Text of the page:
Former Sen. Bob Kerrey (D-Neb.), a Circinus board member, said he has counseled Broidy and another Circinus executive, Stan Manning, to tread carefully in the country because of its reputation.
“I’m very much aware that in Romania there have been some instances that at least on the surface look corrupt,” Kerrey said. “My advice to Stan and Elliott has been to not push too hard.”
Circinus has so far partnered with a national research institute in Romania to try to win a contract, though it’s unclear whether that bid – or any others – have yet been successful.
(Update Feb. 8: Following McClatchy's reporting, Romanian news site Hotnews reported that Broidy's company, Circinus, LLC signed an agreement earlier this month with with Romarm, a state-owned defense company in Romania.
While the details of the agreement are not known, it is believed that the Circinus and Romarm are trying to win a mulitfaceted contact that has communication, computer and intelliigence components and is valued at more than $200 million, according to Hotnews. The agreement was signed in the presence of U.S. Ambassador Hans Klemm, the Romanian Minster of Economy, Danut Andrusca, and Fifor -- with whom Broidy reportedly met in Washington. The event was not widely publicized, as is the precedent for similar events, Hotnews reported.)
Big screen schemes
While Circinus’ fortunes seem to be looking up in the Trump era, an earlier Broidy-led national security venture had less success, despite a star-studded launch in 2013 that featured a roundtable discussion with Sens. John McCain (R-Ariz.), Lindsey Graham (R-S.C.) and then- Sen. Kelly Ayotte (R-N.H.).
“Great minds and strong leaders are required for such an important discussion,” Broidy said at the event hosted by his new Bipartisan Coalition for American Security.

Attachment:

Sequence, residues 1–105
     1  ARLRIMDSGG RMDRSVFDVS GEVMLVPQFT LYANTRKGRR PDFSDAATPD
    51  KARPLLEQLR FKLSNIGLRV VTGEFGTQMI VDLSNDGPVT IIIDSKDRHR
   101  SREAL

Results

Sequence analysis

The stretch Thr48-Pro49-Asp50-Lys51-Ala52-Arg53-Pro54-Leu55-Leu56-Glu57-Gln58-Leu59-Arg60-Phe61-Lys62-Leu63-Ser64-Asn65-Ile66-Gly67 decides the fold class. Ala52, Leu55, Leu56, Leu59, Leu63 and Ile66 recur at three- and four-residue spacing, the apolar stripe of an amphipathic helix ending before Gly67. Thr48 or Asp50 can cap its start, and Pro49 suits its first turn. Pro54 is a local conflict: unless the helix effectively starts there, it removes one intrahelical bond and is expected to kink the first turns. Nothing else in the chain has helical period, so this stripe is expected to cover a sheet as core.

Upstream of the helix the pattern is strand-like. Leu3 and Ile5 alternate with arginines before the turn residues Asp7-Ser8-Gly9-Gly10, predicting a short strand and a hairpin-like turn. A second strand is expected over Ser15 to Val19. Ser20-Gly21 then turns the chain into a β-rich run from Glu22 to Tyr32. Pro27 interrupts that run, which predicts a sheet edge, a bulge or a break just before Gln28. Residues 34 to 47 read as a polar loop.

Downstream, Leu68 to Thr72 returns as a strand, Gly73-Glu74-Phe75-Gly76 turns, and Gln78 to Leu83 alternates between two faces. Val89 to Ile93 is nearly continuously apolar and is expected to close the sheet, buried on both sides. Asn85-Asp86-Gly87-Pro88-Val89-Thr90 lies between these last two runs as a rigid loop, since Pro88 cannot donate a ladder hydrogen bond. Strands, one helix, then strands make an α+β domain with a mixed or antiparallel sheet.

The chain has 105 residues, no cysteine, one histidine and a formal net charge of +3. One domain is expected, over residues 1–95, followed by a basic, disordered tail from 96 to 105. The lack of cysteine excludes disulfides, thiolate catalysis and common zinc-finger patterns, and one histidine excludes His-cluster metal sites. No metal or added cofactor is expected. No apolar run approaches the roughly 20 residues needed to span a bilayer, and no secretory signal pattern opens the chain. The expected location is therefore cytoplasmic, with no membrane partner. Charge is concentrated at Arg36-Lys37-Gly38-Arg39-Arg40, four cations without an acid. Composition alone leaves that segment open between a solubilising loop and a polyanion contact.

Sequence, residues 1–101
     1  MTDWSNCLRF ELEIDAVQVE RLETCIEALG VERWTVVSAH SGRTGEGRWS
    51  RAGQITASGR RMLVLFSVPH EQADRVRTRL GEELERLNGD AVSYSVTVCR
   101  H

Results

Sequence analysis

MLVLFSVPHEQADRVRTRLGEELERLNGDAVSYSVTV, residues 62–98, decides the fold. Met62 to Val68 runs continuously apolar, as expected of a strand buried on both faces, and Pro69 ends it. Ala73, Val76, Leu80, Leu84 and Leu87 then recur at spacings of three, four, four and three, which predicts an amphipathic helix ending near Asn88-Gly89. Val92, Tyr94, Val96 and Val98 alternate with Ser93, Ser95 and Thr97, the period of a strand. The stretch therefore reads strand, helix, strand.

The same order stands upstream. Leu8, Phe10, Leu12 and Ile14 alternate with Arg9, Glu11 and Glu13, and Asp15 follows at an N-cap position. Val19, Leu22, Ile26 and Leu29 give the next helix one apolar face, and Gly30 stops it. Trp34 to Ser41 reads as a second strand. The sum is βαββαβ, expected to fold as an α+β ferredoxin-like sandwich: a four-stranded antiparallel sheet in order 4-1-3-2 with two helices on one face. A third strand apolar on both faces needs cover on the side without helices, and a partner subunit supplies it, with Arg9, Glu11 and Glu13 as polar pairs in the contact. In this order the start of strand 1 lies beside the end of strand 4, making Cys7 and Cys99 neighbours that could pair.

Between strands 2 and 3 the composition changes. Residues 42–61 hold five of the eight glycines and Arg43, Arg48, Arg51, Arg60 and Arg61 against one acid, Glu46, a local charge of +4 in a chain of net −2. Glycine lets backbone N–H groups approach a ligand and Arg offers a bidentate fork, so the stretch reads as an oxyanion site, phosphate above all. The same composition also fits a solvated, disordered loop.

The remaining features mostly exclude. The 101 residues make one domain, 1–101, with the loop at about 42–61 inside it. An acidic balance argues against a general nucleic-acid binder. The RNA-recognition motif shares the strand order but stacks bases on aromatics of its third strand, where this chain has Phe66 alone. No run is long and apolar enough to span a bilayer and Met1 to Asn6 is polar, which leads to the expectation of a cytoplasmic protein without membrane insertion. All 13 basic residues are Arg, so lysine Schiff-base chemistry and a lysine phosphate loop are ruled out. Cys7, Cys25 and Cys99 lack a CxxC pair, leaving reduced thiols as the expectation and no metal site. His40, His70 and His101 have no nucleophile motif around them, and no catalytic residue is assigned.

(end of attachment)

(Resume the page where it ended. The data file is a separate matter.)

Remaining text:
Broidy was chairman of the nonprofit’s advisory board, with former Sens. Scott Brown (R-Mass.) and Joseph Lieberman (D-Conn.) as its co-chairs.
Oddly, the nonprofit was set up by two film producers, Steven J. Brown and James David Williams. They knew Broidy because they had co-produced a movie with them, called Snake & Mongoose, about drag-racing. Williams also touted Broidy as the adviser to two film distribution funds he ran — Panda Fund and Panda Media Partners II — in two press releases.
“Elliott Broidy inspired such confidence from Wall Street investors that we immediately opened Panda Media Partners II,” Williams said in the second release, announcing a newly-created fund.
(Steven Brown, incidentally, co-owns several businesses with Rick Gates, a former aide to onetime Trump campaign Chairman Paul Manafort. Manafort and Gates both face fraud and money laundering charges as part of Special Counsel Robert Mueller’s probe into possible collusion between the Trump campaign and Russia.)
The Bipartisan Coalition for American Security appears to have ceased operating within a few months of the July 2013 event in Washington. It never filed required tax forms and might have been entirely forgotten had it not shown up as a named party in a 2014 lawsuit lodged by a reality TV hunting star.
In the suit, Bill Busbice — host of Wildgame Nation until he was suspended last summer for poaching an elk — accused Brown and Williams, as well as GOP fundraiser Jerry Seppala, of misappropriating more than $10 million Busbice invested with them for several film productions. He alleged that his money had instead been used for the producer’s personal expenses, including Williams’ Jaguar and initial payments on his multi-million dollar house.
Another $100,000 had been directed to the Bipartisan Coalition for American Security, Busbice claims.
The lawsuit also questioned whether Panda Media Fund, supposedly advised by Broidy, even existed. Busbice introduced a letter written to Williams by lawyers representing the producers of the film Left Behind, which starred Nicolas Cage.
“Despite our best efforts, we cannot find any information on ‘Panda’ (whatever its actual name may be and to the extent that it actually exists),” the letter read.
Broidy was not accused of any wrongdoing. But a federal judge ultimately ruled in Busbice’s favor against Brown, Williams and Seppala in February 2016, saying they collectively owed him $10.5 million. Four months later, the three defendants were charged by federal prosecutors in New York with fraud and money laundering; Busbice is one of nine victims listed in that case. So far, Williams and Seppala have pleaded guilty and Williams appears to be cooperating with prosecutors, while Brown awaits trial.
Peter Stone is a McClatchy special correspondent